McVay MA, Yancy WS, Bennett GG, Jung SH, Voils CI. Perceived barriers and facilitators of initiation of behavioral weight loss interventions among adults with obesity: a qualitative study. BMC Public Health. 2018; 18:(1)

Milaneschi Y, Simmons WK, van Rossum EFC, Penninx BW. Depression and obesity: evidence of shared biological mechanisms. Mol Psychiatry. 2019; 24:(1)18-33

Miller-Matero LR, Brescacin C, Clark SM, Troncone CL, Tobin ET. Why WAIT? Preliminary evaluation of the weight assistance and intervention techniques (WAIT) group. Psychol Health Med. 2019; 24:(9)1029-1037

Moffatt CJ, Gaskin R, Sykorova M Prevalence and risk factors for chronic edema in UK community nursing services. Lymphat Res Biol. 2019; 17:(2)147-154

NHS website. Obesity. 2019. (accessed 31 January 2021)

Nymo S, Coutinho SR, Rehfeld JF, Truby H, Kulseng B, Martins C. Physiological predictors of weight regain at 1-year follow-up in weight-reduced adults with obesity. Obesity (Silver Spring). 2019; 27:(6)925-931

Pirotta S, Joham A, Hochberg L Strategies to reduce attrition in weight loss interventions: a systematic review and meta-analysis. Obes Rev. 2019; 20:(10)1400-1412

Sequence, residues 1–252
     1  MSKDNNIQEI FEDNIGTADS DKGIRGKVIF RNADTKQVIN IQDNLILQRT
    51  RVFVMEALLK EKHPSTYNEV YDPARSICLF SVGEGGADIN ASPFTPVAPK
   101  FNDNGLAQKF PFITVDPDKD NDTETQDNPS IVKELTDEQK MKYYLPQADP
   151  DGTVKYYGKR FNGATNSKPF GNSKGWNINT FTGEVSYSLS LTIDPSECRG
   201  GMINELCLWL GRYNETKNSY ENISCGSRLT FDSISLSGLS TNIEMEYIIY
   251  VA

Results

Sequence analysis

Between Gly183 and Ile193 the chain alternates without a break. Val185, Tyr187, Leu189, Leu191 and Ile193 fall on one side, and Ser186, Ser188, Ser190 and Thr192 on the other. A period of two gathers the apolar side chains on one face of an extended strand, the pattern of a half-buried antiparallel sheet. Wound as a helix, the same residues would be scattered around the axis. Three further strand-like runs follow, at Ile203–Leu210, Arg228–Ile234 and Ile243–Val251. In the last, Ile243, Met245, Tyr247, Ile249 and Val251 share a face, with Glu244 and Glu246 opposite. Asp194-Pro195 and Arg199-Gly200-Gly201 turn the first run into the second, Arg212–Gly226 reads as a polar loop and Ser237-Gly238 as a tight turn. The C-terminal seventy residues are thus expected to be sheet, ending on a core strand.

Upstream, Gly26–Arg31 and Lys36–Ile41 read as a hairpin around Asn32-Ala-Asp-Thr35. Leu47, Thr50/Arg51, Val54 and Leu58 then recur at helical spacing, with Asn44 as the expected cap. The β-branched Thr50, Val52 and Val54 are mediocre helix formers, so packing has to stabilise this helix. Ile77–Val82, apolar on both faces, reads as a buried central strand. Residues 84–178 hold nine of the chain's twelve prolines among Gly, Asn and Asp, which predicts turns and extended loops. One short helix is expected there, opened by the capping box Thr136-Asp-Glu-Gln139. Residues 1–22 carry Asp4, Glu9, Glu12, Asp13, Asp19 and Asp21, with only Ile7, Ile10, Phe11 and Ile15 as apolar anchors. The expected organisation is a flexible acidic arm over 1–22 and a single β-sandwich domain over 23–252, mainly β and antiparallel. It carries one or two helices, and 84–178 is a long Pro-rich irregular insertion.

Provan D. Body weight and the management of lymphoedema. Br J Community Nurs. 2019; 24:(12)576-579

Quinn DM, Puhl RM, Reinka MA. Trying again (and again): weight cycling and depressive symptoms in US adults. PLoS One. 2020; 15:(9)

Salemonsen E, Førland G, Saetre Hansen B, Holm AL. Beneficial self-management support and user involvement in Healthy Life Centres: a qualitative interview study in persons afflicted by overweight or obesity. Health Expect. 2020; 23:(5)1376-1386

Saul H, Gursul D. Group programmes for weight loss may be more effective than one-to-one sessions. BMJ. 2021; 375

Shantavasinkul PC, Omotosho P, Corsino L, Portenier D, Torquati A. Predictors of weight regain in patients who underwent Roux-en-Y gastric bypass surgery. Surg Obes Relat Dis. 2016; 12:(9)1640-1645

Sharifi N, Mahdavi R, Ebrahimi-Mameghani M. Perceived barriers to weight loss programs for overweight or obese women. Health Promot Perspect. 2013; 3:(1)11-22

Tolvanen L, Svensson Å, Hemmingsson E, Christenson A, Lagerros YT. Perceived and preferred social support in patients experiencing weight regain after bariatric surgery-a qualitative study. Obes Surg. 2021; 31:(3)1256-1264

van Baak MA, Mariman ECM. Mechanisms of weight regain after weight loss — the role of adipose tissue. Nat Rev Endocrinol. 2019; 15:(5)274-287